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Topics: Conditional independence (59%), Graphical model (58%), Conditional dependence (58%) ... read more

12 Citations


Open accessJournal ArticleDOI: 10.1037/ABN0000496
Abstract: The popularity of network analysis in psychopathology research has increased exponentially in recent years. Yet, little research has examined the replicability of cross-sectional psychopathology network models, and those that have used single items for symptoms rather than multiitem scales. The present study therefore examined the replicability and generalizability of regularized partial correlation networks of internalizing symptoms within and across 5 samples (total N = 2,573) using the Inventory for Depression and Anxiety Symptoms, a factor analytically derived measure of individual internalizing symptoms. As different metrics may yield different conclusions about the replicability of network parameters, we examined both global and specific metrics of similarity between networks. Correlations within and between nonclinical samples suggested considerable global similarities in network structure (rss = .53-.87) and centrality strength (rss = .37-.86), but weaker similarities in network structure (rss = .36-.66) and centrality (rss = .04-.54) between clinical and nonclinical samples. Global strength (i.e., connectivity) did not significantly differ across all 5 networks and few edges (0-5.5%) significantly differed between networks. Specific metrics of similarity indicated that, on average, approximately 80% of edges were consistently estimated within and between all 5 samples. The most central symptom (i.e., dysphoria) was consistent within and across samples, but there were few other matches in centrality rank-order. In sum, there were considerable similarities in network structure, the presence and sign of individual edges, and the most central symptom within and across internalizing symptom networks estimated from nonclinical samples, but global metrics suggested network structure and symptom centrality had weak to moderate generalizability from nonclinical to clinical samples. (PsycINFO Database Record (c) 2020 APA, all rights reserved).

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8 Citations


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25 results found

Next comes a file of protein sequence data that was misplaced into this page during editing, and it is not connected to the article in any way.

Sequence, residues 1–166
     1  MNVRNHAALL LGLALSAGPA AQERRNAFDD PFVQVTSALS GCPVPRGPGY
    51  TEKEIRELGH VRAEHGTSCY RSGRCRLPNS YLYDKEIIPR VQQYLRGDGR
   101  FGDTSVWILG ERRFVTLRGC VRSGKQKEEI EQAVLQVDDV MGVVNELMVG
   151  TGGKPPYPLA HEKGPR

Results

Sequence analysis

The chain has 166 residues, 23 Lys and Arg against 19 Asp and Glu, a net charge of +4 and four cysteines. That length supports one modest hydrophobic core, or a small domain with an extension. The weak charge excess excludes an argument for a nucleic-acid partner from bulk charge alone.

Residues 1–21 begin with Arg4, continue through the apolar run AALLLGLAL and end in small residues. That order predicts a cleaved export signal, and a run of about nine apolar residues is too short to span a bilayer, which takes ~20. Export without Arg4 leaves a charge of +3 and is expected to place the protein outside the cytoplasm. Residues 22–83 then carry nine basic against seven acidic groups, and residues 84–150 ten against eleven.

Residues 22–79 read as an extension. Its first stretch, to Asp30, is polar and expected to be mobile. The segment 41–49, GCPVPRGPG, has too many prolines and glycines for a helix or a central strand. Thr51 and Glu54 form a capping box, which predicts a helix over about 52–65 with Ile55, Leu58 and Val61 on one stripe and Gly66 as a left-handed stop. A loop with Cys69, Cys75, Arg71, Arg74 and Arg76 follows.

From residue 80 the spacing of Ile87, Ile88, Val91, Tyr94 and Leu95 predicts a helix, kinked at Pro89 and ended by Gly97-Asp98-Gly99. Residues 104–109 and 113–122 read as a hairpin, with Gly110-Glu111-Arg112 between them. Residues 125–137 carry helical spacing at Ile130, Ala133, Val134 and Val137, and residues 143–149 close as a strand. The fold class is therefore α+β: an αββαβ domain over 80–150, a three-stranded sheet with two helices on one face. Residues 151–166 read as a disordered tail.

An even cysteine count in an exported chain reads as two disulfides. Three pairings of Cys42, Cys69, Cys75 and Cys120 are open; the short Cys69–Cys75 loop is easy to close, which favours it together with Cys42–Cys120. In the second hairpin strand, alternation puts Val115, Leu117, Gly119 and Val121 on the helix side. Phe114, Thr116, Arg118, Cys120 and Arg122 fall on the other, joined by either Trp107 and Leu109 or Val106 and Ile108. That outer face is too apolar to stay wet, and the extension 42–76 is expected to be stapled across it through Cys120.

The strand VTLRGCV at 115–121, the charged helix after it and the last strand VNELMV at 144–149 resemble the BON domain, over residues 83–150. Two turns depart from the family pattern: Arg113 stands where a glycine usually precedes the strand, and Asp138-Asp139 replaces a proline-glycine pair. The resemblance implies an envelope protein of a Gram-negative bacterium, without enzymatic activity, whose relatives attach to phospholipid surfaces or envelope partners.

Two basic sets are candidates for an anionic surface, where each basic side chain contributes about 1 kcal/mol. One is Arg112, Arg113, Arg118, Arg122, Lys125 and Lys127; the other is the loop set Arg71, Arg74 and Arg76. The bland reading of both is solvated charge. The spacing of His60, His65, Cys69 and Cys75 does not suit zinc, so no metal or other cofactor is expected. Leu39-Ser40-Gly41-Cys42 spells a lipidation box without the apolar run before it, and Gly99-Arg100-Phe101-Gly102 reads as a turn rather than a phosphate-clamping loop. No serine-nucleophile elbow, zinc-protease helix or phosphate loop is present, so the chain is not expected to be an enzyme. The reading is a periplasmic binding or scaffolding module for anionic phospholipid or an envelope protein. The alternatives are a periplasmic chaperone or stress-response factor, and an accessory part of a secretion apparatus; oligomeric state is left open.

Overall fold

Open accessJournal ArticleDOI: 10.1080/10618600.1998.10474787
Stephen P. Brooks1, Andrew Gelman2Institutions (2)
Abstract: We generalize the method proposed by Gelman and Rubin (1992a) for monitoring the convergence of iterative simulations by comparing between and within variances of multiple chains, in order to obtain a family of tests for convergence. We review methods of inference from simulations in order to develop convergence-monitoring summaries that are relevant for the purposes for which the simulations are used. We recommend applying a battery of tests for mixing based on the comparison of inferences from individual sequences and from the mixture of sequences. Finally, we discuss multivariate analogues, for assessing convergence of several parameters simultaneously.

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Topics: Convergence (routing) (50%)

4,918 Citations


Open accessJournal ArticleDOI: 10.1038/S41562-016-0021
Abstract: Improving the reliability and efficiency of scientific research will increase the credibility of the published scientific literature and accelerate discovery. Here we argue for the adoption of measures to optimize key elements of the scientific process: methods, reporting and dissemination, reproducibility, evaluation and incentives. There is some evidence from both simulations and empirical studies supporting the likely effectiveness of these measures, but their broad adoption by researchers, institutions, funders and journals will require iterative evaluation and improvement. We discuss the goals of these measures, and how they can be implemented, in the hope that this will facilitate action toward improving the transparency, reproducibility and efficiency of scientific research.

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Topics: Scientific literature (57%), Credibility (55%), Replication crisis (53%) ... read more

1,475 Citations


Open accessJournal ArticleDOI: 10.3758/S13428-017-0862-1